My Unknown: François Civil still at the top (Review)

My Unknown: François Civil still at the top (Review)

A pinnacle of inventive romantic comedy carried by a trio of irresistible actors, François Civil, Joséphine Japy and Benjamin Lavernhe.

My Unknown will return this evening on C8, and when it was released in the spring of 2019, it was a favorite for the editorial staff of First. Here is our review, along with a link to our video interview with its main actors, François Civil and Joséphine Japy. And another interview with its creator, Hugo Gélin, who later filmed episodes of Lupinethe hit series from Netflix.

Mon Inconnue – François Civil: “On the film, I wear Christian Clavier’s wig for Jacquouille”

In 2019, French cinema liked to venture into areas where it has often forbidden itself to go. These famous films that supposedly “we don’t know how to do” here: the submarine film with The song of the wolf and the romantic comedy with My unknowndomain a priori reserved for the Anglo-Saxons.

Hugo Gélin is a mad lover of the genre. This passion could have locked him in overwhelming references and prevented him from developing an original narrative. We quickly know that it will not be. Because the first success of My unknown lies in the setting up of its narrative and its characters. The meeting, the love at first sight, the first exhilarating moments, then the harbingers of estrangement, those looks that lose their ardor and lead you to an inevitable separation. We’re not spoiling anything for you. All this is here in a quarter of an hour to break everything. Time to describe this impromptu meeting in high school between Raphaël and Olivia and their characters, at the antipodes. Raphaël likes to do the four hundred blows with his best friend Félix and dreams of becoming a fantastic comic book author. Olivia learns the piano with the requirement and the rigor that this requires. But these two opposites will soon become one and grow together. Raphaël becomes a known and recognized author. Olivia triumphs in increasingly demanding competitions. Until Raphaël forgets that they have come to this together. And even worse: he kills the character inspired by Olivia in his comic book series. This imbalance becomes unbearable for the latter, who wishes to put an end to their relationship. Raphaël falls asleep on this crisis. And wakes up the next day in a parallel world, where he brutally saw the existence he would have had to lead if he had never met Olivia. And, to return to his world, he will have to seduce her again.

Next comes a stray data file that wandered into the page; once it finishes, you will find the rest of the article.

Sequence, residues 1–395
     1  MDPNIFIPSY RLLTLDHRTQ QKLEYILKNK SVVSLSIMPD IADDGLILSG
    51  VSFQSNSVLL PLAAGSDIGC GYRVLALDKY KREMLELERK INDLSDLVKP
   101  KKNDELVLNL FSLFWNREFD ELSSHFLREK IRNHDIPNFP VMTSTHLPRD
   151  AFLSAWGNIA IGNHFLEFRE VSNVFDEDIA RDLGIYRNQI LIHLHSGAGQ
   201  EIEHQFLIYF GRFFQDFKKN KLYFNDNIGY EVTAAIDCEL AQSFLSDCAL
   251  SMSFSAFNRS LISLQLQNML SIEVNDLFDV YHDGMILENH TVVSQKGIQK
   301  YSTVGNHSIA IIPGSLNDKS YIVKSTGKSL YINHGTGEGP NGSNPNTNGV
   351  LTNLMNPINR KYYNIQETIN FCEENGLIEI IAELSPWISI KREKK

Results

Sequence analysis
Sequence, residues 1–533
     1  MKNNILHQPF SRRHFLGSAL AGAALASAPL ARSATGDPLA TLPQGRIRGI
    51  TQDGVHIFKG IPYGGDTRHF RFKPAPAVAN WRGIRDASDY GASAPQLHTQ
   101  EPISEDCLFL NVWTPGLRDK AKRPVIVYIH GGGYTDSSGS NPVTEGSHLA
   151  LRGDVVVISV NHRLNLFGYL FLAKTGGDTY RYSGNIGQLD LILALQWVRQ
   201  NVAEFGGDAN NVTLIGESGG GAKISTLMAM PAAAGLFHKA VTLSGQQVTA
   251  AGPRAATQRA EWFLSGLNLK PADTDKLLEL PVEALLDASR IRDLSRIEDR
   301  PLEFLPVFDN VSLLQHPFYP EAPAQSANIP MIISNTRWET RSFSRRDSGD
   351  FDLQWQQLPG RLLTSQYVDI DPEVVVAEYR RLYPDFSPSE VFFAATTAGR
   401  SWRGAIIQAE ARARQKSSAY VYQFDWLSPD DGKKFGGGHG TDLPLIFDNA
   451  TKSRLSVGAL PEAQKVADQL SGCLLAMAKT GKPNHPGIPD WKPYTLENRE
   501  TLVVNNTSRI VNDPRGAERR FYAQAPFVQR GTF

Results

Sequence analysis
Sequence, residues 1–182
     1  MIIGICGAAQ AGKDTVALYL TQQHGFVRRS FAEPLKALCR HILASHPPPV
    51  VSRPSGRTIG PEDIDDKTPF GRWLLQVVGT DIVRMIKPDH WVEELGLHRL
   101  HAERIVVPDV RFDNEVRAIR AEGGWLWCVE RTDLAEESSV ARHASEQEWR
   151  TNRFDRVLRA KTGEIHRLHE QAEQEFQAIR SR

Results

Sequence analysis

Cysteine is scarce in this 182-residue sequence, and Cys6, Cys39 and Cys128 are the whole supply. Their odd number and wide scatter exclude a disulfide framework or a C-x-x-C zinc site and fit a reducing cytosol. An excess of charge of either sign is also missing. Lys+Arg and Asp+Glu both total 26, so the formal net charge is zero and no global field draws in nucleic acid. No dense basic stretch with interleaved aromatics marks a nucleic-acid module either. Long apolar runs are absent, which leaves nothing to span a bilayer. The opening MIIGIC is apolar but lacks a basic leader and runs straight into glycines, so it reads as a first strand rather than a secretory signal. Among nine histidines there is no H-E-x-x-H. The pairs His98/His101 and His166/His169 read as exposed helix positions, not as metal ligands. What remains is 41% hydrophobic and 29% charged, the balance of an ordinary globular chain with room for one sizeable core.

Then begins a (romantic) comedy of the reconquest, where Hugo Gélin evolves with finesse on a thin line, between laughter and tears. From Like brothers, we knew his talent to arouse emotion. But the presence in the writing of Igor Gotesman (Five) allows him to beef up his script on the comedy side and to lead two stories that very quickly become one: the impossible love story between Olivia and Raphaël – he knows everything about her and must try not to not come across as just an overly obsessive fan of the world-renowned pianist she has become without him; and the tale of life-and-death friendship between Raphaël and Félix – the only person around him who is crazy enough to believe him – giving rise to a firework of hilarious scenes playing on the absurd. of the situation.

These three characters are played by actors whose complicity works wonders on screen: François Civil – who confirms his royal start to the year after The song of the wolf And The one you believe –, as at ease in the joke as in the most tragic scenes; Benjamin Lavernhe, breathtaking rhythm and dazzling in the most delirious moments, in Rhys Ifans style sidekick in Love at first sight in Notting Hill ; and Joséphine Japy, who wears the main female role high (including sometimes with her body and her defending heart). A central character, whom we must, like Raphaël, fall in love with at first sight for this story to take on its full power. At the same time discreet and with a stunning cinematography, the actress fulfills this mission marvelously, the perfect incarnation of a film mastered without being corseted. Who respects all the codes of the genre while making his little personal music heard. A real thunderbolt.

How Hugo Gélin went from My unknown to Lupine thanks to Tomorrow everything begins (excluded)

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